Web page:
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Older patients with caregivers and assistance for activities of daily living: 1998 and 2000

 

by Lisa L. Dwyer, M.P.H., Division of Health Care Statistics

 

Introduction

Many older community-dwelling adults reside with a caregiver, either family or nonfamily members. This living arrangement may result from one or more of the following situations: marriage, cultural norms (1), or the financial need or functional impairment of the care recipient (2). Combined data on discharged patients from the 1998 and 2000 National Home and Hospice Care Surveys reveal that 76 percent of those 65 years and over usually lived with their primary caregiver during the episode of care. A primary caregiver is an individual who is responsible for providing personal care assistance, companionship, and/or supervision to a patient (3). Over 80 percent of the primary caregivers in our sample were informal caregivers: spouses or children (including daughters-in-law or sons-in-law). More males than females lived with their primary caregiver, 90 percent versus 68 percent (p < 0.001), most likely due to men being cared for by their spouses who outlived them.

Oftentimes, coresidence with a primary caregiver is initiated when an older adult shows signs of activities of daily living (ADL) or instrumental activities of daily living (IADL) limitations that require caregiver involvement (2). Moreover, having a caregiver and receiving assistance with ADLs are strongly associated with using home health services (4). This analysis uses data from the 1998 and 2000 NHHCS to examine ADL assistance received by home health patients ages 65 years and over and the extent to which receipt of services is related to sex. The NHHCS collects data about characteristics of home health care and hospice agencies and their patients using agency reports and medical records. The surveys collected information about the primary caregiver the patients had during the episode of care. It also collected information on the receipt of services for ADLs during this episode.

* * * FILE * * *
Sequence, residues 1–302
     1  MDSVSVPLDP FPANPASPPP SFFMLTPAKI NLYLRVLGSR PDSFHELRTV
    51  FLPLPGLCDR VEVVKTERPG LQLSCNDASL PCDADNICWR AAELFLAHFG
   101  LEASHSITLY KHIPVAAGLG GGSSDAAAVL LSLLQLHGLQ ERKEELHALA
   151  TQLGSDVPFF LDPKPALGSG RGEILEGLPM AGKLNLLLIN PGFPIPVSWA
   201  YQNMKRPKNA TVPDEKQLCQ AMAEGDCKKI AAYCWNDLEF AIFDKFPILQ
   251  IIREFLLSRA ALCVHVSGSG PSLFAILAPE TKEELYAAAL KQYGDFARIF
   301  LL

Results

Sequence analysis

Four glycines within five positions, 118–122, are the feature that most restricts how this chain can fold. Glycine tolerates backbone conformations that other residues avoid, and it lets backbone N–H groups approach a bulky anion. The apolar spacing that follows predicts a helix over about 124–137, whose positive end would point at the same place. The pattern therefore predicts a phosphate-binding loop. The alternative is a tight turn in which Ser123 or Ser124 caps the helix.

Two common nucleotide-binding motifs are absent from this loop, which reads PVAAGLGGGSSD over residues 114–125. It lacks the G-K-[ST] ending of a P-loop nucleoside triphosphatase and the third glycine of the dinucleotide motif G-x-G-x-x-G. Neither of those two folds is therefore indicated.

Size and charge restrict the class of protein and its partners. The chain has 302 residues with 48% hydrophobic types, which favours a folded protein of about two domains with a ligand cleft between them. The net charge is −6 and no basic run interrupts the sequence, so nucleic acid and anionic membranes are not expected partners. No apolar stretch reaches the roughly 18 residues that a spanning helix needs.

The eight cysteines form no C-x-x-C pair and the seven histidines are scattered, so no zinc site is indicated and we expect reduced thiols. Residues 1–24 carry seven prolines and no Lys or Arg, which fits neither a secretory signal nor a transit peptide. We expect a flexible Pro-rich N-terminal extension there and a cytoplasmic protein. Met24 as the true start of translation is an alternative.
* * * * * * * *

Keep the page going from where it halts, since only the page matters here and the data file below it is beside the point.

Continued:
Table 1. Percentages of older home health patients living with a primary caregiver and receiving assistance with activities of daily living from the agency, by sex: National Home and Hospice Care Survey, 1998 and 2000
Activities of daily living Percent male Percent female p-value
Any activity of daily living 41.7 52.7 <0.05
Bathing or showering 35.3 45.2 <0.05
Dressing 33.4 38.6 >0.05
Eating 5.6 10.0 <0.05
Transferring 28.1 35.3 >0.05
Walking 27.0 32.6 >0.05
Using toilet room 16.4 25.3 <0.05

NOTE: Responses "Don't know," "Not applicable," and "Blank or invalid" were excluded from the analysis.

 

Significant differences were found between the sexes in the receipt of ADL assistance. Specifically, more women than men received assistance with any activity of daily living overall, 53 percent compared to 42 percent, respectively. Almost half of the female patients (45 percent) received assistance from a home health agency to bathe or shower compared to more than one-third of male patients (35 percent). Eating assistance was almost twice as likely among female patients as male. In addition, 25 percent of females received assistance from the agency in using the toilet room compared to 16 percent of males.